Either way, there’s no firm explanation from either UVA experts or the renovators. Among those leaning to the more exotic explanation are the craftsmen helping refurbish the chapel.
“Our conservator discovered some interesting hex marks on one of the wooden trusses,” said James Zehmer, senior historic preservation project manager at UVA Facilities Management.
Ethan Minkema, a conservator working for John Canning Co., historic restoration and preservation experts based in Chesire, Connecticut, discovered the scrawl. The markings, only found in one place in the chapel, are about the diameter of a baseball.
Minkema’s father, Ken Minkema, a religious historian at Yale Divinity School, said the marks were similar to ones coming from Scots-Irish building traditions.
“These are the sort of markings that are often meant to ward off evil spirits or bewitchment and generally to protect the building,” Ken Minkema said. “This is an ancient practice and not one restricted to Europeans alone. Since this was more of a popular practice, I would conjecture that a carpenter or joiner made the marks, rather than a foreman or architect.”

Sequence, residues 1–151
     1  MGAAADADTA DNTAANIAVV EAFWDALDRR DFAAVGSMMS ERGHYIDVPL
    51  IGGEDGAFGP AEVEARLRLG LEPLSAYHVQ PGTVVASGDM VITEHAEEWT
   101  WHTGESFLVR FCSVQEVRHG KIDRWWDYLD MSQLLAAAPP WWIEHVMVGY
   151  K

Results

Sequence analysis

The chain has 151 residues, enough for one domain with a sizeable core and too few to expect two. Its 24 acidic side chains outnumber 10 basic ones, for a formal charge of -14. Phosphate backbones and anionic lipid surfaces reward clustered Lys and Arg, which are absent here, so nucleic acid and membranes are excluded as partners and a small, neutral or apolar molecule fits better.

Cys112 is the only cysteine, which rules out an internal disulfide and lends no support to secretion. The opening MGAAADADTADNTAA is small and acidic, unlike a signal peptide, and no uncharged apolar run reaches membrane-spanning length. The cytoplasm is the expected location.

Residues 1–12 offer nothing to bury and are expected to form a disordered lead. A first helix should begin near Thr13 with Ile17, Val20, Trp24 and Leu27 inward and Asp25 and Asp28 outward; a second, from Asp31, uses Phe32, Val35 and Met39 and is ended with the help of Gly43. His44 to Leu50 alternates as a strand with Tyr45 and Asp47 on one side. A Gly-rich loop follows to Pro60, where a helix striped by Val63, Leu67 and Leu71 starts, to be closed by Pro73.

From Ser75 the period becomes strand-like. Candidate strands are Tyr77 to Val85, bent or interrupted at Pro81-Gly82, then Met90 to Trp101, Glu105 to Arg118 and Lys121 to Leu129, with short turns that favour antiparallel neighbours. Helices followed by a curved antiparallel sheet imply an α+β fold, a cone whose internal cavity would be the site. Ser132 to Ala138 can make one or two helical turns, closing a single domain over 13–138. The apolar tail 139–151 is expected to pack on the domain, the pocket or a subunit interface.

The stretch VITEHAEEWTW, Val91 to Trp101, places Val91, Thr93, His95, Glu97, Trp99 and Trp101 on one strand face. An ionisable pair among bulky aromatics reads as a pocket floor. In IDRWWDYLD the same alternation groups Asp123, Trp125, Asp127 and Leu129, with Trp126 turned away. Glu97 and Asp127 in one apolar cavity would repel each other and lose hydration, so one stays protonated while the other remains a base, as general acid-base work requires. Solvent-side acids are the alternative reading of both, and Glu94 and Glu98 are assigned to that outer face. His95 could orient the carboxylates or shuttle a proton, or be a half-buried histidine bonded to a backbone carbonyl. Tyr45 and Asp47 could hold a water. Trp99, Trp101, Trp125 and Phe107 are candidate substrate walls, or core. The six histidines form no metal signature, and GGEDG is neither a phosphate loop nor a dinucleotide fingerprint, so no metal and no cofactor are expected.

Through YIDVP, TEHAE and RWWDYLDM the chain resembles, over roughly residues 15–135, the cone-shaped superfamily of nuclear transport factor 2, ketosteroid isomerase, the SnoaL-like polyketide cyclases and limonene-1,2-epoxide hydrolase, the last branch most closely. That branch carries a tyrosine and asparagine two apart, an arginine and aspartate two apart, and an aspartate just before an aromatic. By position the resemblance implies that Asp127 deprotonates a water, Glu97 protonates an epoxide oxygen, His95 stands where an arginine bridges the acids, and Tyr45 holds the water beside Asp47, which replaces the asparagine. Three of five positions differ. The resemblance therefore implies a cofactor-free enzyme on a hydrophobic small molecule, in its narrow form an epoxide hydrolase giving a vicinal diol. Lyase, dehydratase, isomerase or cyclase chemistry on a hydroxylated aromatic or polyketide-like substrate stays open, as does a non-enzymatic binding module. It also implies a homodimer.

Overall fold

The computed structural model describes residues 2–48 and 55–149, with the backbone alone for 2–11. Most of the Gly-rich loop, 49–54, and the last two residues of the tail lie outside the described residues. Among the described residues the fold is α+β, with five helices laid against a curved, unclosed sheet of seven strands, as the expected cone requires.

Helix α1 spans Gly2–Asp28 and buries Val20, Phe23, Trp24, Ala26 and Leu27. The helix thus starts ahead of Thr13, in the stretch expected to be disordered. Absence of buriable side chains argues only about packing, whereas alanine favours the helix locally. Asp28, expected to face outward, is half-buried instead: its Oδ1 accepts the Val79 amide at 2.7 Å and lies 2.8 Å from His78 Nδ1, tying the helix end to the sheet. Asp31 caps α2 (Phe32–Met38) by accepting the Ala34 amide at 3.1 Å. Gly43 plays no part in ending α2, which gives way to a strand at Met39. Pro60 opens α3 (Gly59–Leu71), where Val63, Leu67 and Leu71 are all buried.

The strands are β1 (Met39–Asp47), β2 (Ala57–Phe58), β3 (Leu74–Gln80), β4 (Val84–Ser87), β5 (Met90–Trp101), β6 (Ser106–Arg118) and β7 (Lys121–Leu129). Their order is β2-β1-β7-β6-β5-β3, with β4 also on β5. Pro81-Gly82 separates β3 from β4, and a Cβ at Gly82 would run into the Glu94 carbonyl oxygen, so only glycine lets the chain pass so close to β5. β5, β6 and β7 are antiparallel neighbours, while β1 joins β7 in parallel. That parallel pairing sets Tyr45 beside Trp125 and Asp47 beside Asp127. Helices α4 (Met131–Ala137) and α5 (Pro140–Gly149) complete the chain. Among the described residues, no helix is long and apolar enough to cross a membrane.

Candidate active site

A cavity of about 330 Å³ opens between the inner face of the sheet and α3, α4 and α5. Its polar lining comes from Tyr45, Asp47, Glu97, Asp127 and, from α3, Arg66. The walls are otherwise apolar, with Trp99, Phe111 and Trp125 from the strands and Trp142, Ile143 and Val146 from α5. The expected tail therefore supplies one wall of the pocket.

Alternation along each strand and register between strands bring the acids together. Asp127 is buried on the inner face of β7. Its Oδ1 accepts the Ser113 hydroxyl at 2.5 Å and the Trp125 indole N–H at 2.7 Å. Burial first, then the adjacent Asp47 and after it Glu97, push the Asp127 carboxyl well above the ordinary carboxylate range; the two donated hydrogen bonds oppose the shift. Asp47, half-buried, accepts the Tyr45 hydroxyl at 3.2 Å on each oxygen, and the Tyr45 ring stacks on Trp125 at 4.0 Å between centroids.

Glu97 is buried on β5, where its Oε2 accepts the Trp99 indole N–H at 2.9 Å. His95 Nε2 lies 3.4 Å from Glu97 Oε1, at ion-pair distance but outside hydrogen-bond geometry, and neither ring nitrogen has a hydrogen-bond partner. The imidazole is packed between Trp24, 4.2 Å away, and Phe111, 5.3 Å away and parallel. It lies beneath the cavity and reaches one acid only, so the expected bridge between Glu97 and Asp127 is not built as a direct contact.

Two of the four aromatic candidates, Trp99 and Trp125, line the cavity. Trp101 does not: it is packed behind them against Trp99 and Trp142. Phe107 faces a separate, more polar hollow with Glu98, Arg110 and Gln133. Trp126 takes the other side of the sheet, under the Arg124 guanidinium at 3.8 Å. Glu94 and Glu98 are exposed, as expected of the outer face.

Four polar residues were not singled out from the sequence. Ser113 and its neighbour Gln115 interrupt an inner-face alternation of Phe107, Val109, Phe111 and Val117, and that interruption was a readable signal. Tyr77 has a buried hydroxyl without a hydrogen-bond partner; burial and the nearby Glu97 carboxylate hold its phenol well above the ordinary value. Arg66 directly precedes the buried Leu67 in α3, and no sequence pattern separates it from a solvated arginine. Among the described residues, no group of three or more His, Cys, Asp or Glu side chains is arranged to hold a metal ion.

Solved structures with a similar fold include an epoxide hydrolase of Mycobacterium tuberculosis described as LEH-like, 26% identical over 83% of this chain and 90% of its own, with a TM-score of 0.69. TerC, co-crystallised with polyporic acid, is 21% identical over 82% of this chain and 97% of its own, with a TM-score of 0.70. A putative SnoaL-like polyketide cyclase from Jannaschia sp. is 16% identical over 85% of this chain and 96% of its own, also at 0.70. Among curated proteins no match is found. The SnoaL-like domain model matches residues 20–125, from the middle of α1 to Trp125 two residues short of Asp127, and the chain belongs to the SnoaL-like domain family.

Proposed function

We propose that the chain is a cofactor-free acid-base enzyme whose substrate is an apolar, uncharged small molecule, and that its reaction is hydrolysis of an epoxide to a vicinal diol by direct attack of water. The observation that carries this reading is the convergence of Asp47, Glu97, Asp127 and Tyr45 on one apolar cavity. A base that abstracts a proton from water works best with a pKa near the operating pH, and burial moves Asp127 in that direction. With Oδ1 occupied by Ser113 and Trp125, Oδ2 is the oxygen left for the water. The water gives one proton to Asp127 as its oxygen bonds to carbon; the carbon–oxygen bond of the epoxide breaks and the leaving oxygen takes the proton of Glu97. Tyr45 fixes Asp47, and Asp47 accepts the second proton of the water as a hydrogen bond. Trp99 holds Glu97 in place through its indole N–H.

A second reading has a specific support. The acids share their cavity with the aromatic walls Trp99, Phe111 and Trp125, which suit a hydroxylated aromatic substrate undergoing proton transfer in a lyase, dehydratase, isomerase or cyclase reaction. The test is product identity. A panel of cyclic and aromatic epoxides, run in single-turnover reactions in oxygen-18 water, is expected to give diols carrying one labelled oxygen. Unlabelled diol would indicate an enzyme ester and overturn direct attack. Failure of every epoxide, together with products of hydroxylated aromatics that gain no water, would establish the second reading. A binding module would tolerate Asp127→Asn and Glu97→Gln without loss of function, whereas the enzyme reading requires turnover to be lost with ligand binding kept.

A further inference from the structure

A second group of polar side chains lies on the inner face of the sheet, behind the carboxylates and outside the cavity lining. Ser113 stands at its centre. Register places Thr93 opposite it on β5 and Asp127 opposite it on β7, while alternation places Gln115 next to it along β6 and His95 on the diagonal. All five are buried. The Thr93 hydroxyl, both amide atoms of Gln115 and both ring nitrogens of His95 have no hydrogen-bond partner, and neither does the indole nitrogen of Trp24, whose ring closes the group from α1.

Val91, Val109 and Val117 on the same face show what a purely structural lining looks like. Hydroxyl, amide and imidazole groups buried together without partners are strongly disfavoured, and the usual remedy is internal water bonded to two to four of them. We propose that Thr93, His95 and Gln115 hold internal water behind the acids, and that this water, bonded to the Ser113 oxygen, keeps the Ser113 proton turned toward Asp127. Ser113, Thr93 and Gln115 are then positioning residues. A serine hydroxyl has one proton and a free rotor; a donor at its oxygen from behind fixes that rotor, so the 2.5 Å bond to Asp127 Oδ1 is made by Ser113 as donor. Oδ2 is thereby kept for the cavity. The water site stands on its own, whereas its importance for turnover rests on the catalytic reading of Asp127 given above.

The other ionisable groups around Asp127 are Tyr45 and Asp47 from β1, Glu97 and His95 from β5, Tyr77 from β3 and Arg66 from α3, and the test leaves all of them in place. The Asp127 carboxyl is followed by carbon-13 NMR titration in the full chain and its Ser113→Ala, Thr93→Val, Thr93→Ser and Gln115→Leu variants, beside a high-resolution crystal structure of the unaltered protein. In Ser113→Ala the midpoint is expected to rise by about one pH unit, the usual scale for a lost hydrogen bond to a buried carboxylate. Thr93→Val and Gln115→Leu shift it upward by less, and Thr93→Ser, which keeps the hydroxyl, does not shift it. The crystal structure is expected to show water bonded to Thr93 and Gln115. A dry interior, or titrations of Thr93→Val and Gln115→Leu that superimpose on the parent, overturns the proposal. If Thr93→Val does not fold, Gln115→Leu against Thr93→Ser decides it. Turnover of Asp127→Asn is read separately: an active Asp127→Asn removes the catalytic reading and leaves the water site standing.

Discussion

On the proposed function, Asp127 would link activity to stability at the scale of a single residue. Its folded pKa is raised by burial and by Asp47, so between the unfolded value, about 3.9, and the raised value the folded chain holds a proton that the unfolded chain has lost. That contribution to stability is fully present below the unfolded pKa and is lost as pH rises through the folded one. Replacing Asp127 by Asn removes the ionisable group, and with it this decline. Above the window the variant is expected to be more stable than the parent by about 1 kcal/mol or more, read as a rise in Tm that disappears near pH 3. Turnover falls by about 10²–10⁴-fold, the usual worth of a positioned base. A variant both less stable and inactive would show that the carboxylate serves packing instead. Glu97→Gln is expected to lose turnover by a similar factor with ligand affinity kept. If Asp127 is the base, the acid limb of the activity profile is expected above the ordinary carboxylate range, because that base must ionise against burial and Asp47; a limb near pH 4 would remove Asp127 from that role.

Ken Minkema wrote a short paper, “Hexfoil Markings in Early Modern Structures,” in which he noted that the most popular practices were “apotropaic,” or preventive and protective, to ward off or nullify any attempts by evil forces to curse, bewitch or possess.
“Still another form of apotropaic magic was the use of diagrams,” Minkema wrote in his paper. “These markings have been found in buildings dating from the 17th to the 19th centuries and ranging from Scandinavia to England to the United States. Commonly, they appear to be no more than a series of hash-like, overlapping incisions in a geometric pattern, probably made with a knife, draw blade or rasp, usually engraved in a rafter, beam or sheathing.”